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          Short but rich excursus on the main historical events of the Muslim communities in Ethiopia and Eritrea, and on their most remarkable cultural and social features.

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          • Hussein Ahmed. “The Historiography of Islam in Ethiopia.” Journal of Islamic Studies 3 (1992): 15–46.

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            A quick but comprehensive critical review of the main primary and secondary literature on Islam in Ethiopia, written by one of the most outstanding Ethiopian scholars of the field, prematurely deceased in 2009. The article catalyzed research in the field.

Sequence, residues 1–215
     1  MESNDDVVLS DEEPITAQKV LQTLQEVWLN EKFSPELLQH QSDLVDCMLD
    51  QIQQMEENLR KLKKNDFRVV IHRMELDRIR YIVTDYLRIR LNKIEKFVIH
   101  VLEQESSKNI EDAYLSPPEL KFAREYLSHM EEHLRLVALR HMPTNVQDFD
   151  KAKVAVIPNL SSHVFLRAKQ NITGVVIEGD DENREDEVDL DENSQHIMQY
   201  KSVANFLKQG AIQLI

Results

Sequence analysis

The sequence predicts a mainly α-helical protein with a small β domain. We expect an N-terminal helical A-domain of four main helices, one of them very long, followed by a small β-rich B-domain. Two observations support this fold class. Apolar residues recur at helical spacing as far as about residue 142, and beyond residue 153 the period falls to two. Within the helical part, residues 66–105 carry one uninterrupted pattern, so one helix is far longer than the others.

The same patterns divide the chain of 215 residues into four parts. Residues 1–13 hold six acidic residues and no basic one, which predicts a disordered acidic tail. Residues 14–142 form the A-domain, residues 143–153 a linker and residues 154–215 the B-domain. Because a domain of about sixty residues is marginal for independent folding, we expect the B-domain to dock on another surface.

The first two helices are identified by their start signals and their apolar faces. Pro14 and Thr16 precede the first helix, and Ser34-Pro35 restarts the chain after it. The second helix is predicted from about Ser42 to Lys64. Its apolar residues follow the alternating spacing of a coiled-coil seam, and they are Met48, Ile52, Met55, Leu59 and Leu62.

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            • Hussein Ahmed. “The Coming of Age of Islamic Studies in Ethiopia: The Present State of Research and Publication.” In Proceedings of the 16th International Conference of Ethiopian Studies. Vol. 2. Edited by Svein Ege, Harald Aspen, Birhanu Teferra, and Shiferaw Bekele, 449–456. Trondheim: Norwegian University of Science and Technology, 2009.

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              List and critical assessment of the main relevant studies and contributions on Islam in Ethiopia published in the late 1990s and at the beginning of the new millennium, along with a description of the perspectives on and tasks of further research in the field.

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              • Hussein Ahmed, and Alessandro Gori. “Islam.” In Encyclopaedia Aethiopica. Vol. 3. Edited by Siegbert Uhlig, 198–202. Wiesbaden, Germany: Otto Harrassowitz Verlag, 2007.